Does Amazon Want to Monopolize The Entire Publishing Chain?
from the how-much-is-enough? dept
The launch of Amazon's Kindle Fire at a price well below expectations has naturally focused people's attention on the e-book side of Amazon's operations, and the likely effect of the extended Kindle family on other publishers trying to go digital. But something else is happening at the other end of the publishing chain that could well disrupt the industry just as much, if not more: Amazon is becoming a major publisher in its own right.Things began back in May 2009, when it launched AmazonEncore:
a new program whereby Amazon uses information such as customer reviews on Amazon websites to identify exceptional, overlooked books and authors that show potential for greater sales.After this low-key start, Amazon added others imprints, including AmazonCrossing (foreign books in translation), Powered by Amazon (short books), Montlake Romance (romantic fiction), Thomas & Mercer (mysteries and thrillers) and, most recently, 47North (science fiction, fantasy and horror) - the last of these with some eye-catching authors:
47North launches with 15 books, including "The Mongoliad: Book One," the first in the ambitious, five-book, collaborative Foreworld series led by Neal Stephenson and Greg Bear. All of these books will be available to English readers in Kindle, print and audio formats at http://www.amazon.com, as well as at national and independent booksellers. 47North will publish original and previously published works, as well as out-of-print books.Meanwhile, back in May this year, Amazon hired a publishing industry veteran to become VP, Publisher of Amazon Publishing’s New York office:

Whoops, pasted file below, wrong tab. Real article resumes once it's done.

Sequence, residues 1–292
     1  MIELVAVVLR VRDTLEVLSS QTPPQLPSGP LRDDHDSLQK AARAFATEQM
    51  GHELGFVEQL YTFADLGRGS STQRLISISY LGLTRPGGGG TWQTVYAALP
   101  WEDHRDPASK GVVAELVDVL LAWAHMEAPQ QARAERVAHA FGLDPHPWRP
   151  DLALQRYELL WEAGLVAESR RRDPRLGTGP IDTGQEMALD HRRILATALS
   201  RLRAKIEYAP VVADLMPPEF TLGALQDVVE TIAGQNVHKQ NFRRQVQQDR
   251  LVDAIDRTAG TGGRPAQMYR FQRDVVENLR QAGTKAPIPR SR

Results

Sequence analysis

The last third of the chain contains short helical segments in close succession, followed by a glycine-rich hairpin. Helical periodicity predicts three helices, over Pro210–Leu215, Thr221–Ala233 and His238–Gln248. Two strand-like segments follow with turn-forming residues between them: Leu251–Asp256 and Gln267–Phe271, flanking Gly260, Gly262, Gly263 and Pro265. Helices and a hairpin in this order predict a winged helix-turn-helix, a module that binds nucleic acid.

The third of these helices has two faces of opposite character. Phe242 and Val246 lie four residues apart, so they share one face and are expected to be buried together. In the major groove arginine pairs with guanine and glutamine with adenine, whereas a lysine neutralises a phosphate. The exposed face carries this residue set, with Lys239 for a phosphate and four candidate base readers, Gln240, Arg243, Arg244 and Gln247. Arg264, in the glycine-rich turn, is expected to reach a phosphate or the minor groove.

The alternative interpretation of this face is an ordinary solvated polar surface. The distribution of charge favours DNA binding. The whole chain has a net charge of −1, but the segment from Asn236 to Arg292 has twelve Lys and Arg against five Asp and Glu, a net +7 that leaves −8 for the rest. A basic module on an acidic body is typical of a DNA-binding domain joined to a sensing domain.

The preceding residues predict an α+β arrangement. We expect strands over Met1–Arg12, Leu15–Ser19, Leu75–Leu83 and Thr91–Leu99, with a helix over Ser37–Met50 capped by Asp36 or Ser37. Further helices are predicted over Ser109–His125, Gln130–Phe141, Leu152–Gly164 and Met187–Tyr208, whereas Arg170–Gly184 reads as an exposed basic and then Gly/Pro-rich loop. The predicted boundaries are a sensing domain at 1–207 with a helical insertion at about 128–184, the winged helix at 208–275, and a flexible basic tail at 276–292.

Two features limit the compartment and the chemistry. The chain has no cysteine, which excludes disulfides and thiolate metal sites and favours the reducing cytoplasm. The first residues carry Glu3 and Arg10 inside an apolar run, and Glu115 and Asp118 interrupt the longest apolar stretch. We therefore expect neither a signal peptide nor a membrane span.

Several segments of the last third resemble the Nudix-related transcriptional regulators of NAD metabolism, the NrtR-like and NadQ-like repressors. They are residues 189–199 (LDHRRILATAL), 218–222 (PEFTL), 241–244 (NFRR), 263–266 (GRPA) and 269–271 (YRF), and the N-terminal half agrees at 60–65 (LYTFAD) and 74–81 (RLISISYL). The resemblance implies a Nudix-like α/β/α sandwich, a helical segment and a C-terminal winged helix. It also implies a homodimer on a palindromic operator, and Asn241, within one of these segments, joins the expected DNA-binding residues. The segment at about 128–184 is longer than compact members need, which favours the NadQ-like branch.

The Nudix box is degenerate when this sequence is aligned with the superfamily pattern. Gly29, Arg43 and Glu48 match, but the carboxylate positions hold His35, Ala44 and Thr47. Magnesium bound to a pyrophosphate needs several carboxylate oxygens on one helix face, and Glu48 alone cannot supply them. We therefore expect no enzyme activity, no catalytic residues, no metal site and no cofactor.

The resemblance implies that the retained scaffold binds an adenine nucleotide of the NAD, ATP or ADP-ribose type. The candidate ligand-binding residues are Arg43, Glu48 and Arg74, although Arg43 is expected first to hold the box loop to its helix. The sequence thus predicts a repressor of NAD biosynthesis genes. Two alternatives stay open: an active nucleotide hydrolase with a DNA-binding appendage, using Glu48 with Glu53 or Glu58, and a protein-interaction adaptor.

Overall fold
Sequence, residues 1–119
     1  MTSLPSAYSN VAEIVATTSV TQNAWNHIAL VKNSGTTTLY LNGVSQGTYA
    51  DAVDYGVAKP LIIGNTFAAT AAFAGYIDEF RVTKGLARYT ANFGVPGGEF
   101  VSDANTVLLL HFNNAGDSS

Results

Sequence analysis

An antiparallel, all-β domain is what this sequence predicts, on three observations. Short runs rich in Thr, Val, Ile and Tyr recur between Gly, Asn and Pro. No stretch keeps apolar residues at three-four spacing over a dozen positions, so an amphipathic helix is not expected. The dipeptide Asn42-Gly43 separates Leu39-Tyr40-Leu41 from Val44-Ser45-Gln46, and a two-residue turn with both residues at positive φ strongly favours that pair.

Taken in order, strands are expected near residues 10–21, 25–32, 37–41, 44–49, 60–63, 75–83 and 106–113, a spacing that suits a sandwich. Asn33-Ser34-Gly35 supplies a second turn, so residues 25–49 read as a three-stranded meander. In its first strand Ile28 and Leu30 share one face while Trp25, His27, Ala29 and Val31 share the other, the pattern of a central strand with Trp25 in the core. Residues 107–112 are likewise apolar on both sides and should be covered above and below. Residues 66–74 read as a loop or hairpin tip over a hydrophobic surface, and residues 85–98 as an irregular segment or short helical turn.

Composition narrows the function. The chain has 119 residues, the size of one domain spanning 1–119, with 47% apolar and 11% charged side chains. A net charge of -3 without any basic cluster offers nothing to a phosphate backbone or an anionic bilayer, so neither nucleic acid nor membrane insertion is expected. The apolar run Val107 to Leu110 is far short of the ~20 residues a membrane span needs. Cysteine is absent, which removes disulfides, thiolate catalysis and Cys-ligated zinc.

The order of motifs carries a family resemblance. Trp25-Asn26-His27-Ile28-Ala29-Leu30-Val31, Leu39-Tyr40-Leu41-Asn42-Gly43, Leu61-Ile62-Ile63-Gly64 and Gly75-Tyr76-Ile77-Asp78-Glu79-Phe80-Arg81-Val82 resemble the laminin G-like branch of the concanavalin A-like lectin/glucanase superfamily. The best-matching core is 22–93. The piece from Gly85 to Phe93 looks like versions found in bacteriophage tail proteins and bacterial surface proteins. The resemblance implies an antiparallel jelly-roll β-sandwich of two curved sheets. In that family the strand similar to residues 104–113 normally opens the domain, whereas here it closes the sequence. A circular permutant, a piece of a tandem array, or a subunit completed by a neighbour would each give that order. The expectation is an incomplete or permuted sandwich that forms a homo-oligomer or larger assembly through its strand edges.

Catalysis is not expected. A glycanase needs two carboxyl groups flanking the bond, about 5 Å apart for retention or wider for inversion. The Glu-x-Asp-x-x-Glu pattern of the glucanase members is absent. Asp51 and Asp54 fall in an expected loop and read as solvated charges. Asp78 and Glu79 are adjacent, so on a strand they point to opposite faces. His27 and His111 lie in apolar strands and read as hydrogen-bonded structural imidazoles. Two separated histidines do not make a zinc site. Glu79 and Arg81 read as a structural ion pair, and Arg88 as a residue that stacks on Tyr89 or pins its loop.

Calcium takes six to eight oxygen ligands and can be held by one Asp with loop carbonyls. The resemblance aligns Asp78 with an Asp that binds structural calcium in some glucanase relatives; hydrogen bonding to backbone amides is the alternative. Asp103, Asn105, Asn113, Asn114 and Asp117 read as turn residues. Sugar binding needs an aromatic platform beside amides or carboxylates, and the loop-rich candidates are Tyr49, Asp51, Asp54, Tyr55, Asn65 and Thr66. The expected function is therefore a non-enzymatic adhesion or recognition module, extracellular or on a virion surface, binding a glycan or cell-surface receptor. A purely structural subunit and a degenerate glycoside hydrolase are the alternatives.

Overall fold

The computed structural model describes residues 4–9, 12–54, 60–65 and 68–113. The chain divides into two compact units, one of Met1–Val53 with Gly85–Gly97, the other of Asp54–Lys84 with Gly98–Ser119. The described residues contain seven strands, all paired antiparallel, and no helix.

Amazon.com has taken its most aggressive step yet toward competing head-on with traditional publishers: It’s hired Larry Kirshbaum, a literary agent and the former CEO of Time Warner Publishing Group (now Hachette Book Group), to start a general trade imprint.
Until now, Amazon’s imprints have focused on genre fiction like mystery and romance. By hiring a high-profile industry veteran to focus on “quality books in literary and commercial fiction, business and general nonfiction”—and by releasing those books in both print and digital formats—Amazon is announcing itself as a serious competitor against the “big six” traditional trade publishing houses.Put all these imprints together, plus Amazon's main sales sites around the world and the Kindle e-readers range, and you have a fully-integrated global publishing strategy. It's hard to see how traditional publishers can respond. They may have impressive back catalogs, and established links with leading authors, but Amazon has the distribution network and growing success in e-book publishing. Above all, the trade publishing houses seem to lack Amazon's ambition: it looks like it doesn't just want to make money from the entire publishing chain, it wants be the entire publishing chain. Follow me @glynmoody on Twitter or identi.ca, and on Google+